The processing component may compare a message having a message structure or an abstract representation of one or more messages with message instances in each of the provided lists.

The system may include a publishing entity request component for receiving a request from a publishing entity for publishing of messages having a message structure, the publishing entity request component including: using the processing component for determining if one or more lists for the message structure exist by matching to message structures of provided lists; and the publishing entity request component providing the publishing entity with list identifiers for the one or more lists to which the message structure conforms and to which messages having the message structure can be published.

The system may include a creating component for creating a new list for a message structure that does not match message structures of provided lists.

The system may include a subscribing entity request component for receiving a request from a subscribing entity to subscribe to messages having a message structure, the subscribing entity request component including: using the processing component for determining if one or more lists for the message structure exist by matching to message structures of provided lists; and the subscribing entity request component providing the subscribing entity with list identifiers for the one or more lists from which messages having the message structure are to be subscribed.

The processing component for matching a request from a publishing entity or a subscribing entity to one or more provided lists by comparing a message having a message structure or an abstract representation of one or more messages to the provided lists may include matching a request with a partial match of one or more provided lists.

The system may include a splitting component for splitting a list appropriately based on statistical analysis of matching requests.

The system may include a merging component for merging lists on publishing with common data published to a single list.

According to a further aspect of the present invention, there is provided a computer program stored on a computer readable medium and loadable into the internal memory of a digital computer, comprising software code portions, when said program is run on a computer, for performing the method of an aspect of the present invention.

According to a yet further aspect of the present invention, there is provided a method substantially as described with reference to the figures.

According to an even further aspect of the present invention, there is provided a system substantially as described with reference to the figures.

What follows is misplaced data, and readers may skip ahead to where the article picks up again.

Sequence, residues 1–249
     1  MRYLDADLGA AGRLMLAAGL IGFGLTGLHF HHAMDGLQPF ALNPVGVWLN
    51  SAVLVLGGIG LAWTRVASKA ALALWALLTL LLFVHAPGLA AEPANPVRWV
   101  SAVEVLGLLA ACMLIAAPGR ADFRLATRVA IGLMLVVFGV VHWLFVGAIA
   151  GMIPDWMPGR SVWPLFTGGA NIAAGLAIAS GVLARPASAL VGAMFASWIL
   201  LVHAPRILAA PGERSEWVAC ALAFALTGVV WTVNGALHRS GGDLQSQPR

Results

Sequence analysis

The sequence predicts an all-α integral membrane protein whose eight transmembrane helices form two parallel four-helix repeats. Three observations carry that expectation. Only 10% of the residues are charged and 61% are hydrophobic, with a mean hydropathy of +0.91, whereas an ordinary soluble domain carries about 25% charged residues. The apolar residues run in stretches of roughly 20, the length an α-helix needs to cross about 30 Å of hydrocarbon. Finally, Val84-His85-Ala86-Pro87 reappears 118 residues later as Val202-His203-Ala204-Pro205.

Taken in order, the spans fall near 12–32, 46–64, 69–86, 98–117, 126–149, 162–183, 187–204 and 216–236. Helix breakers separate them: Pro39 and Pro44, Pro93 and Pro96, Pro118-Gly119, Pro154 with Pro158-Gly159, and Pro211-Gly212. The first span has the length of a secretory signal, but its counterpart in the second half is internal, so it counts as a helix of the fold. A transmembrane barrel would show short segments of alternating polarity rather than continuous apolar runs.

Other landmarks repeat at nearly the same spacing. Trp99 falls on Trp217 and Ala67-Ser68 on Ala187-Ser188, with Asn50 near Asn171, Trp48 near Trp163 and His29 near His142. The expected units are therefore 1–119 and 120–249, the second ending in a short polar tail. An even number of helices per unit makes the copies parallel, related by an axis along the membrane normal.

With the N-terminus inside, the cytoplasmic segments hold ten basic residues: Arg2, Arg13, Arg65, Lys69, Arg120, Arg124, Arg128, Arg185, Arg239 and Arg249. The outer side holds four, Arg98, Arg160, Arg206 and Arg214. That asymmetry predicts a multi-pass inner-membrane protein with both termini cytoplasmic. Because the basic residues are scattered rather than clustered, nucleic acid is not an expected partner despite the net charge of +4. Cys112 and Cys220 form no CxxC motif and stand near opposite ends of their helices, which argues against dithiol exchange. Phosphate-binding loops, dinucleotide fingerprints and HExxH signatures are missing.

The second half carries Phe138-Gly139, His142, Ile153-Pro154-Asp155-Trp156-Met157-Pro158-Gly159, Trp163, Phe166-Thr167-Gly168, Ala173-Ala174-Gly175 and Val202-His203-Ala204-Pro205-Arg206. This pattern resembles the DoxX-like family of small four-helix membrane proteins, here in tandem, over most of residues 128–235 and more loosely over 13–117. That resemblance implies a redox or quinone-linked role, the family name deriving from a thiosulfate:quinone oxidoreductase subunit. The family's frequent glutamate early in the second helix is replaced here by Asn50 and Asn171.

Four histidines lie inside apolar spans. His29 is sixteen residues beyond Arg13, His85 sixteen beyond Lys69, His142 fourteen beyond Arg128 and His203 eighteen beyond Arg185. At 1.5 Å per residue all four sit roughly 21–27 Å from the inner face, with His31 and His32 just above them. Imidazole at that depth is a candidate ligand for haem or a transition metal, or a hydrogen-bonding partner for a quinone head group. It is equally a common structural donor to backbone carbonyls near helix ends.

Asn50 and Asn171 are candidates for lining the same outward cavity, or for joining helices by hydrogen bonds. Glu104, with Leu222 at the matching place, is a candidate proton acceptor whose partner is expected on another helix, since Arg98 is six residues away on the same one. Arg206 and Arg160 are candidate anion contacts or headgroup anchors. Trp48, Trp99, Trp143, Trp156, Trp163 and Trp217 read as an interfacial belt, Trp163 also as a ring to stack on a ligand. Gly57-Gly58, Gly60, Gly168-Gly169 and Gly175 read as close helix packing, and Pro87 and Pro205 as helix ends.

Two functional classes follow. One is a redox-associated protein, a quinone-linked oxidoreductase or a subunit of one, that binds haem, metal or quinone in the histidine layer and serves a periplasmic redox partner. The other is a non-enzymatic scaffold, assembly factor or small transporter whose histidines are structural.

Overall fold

The described aspects of the invention enable the sharing of data based on the structure of the data being shared.

Aspects of the present invention may be a system, a method, and/or a computer program product. The computer program product may include a computer readable storage medium (or media) having computer readable program instructions thereon for causing a processor to carry out aspects of the present invention.

The computer readable storage medium can be a tangible device that can retain and store instructions for use by an instruction execution device. The computer readable storage medium may be, for example, but is not limited to, an electronic storage device, a magnetic storage device, an optical storage device, an electromagnetic storage device, a semiconductor storage device, or any suitable combination of the foregoing. A non-exhaustive list of more specific examples of the computer readable storage medium includes the following: a portable computer diskette, a hard disk, a random access memory (RAM), a read-only memory (ROM), an erasable programmable read-only memory (EPROM or Flash memory), a static random access memory (SRAM), a portable compact disc read-only memory (CD-ROM), a digital versatile disk (DVD), a memory stick, a floppy disk, a mechanically encoded device such as punch-cards or raised structures in a groove having instructions recorded thereon, and any suitable combination of the foregoing. A computer readable storage medium, as used herein, is not to be construed as being transitory signals per se, such as radio waves or other freely propagating electromagnetic waves, electromagnetic waves propagating through a waveguide or other transmission media (e.g., light pulses passing through a fiber-optic cable), or electrical signals transmitted through a wire.

Computer readable program instructions described herein can be downloaded to respective computing/processing devices from a computer readable storage medium or to an external computer or external storage device via a network, for example, the Internet, a local area network, a wide area network and/or a wireless network. The network may comprise copper transmission cables, optical transmission fibers, wireless transmission, routers, firewalls, switches, gateway computers and/or edge servers. A network adapter card or network interface in each computing/processing device receives computer readable program instructions from the network and forwards the computer readable program instructions for storage in a computer readable storage medium within the respective computing/processing device.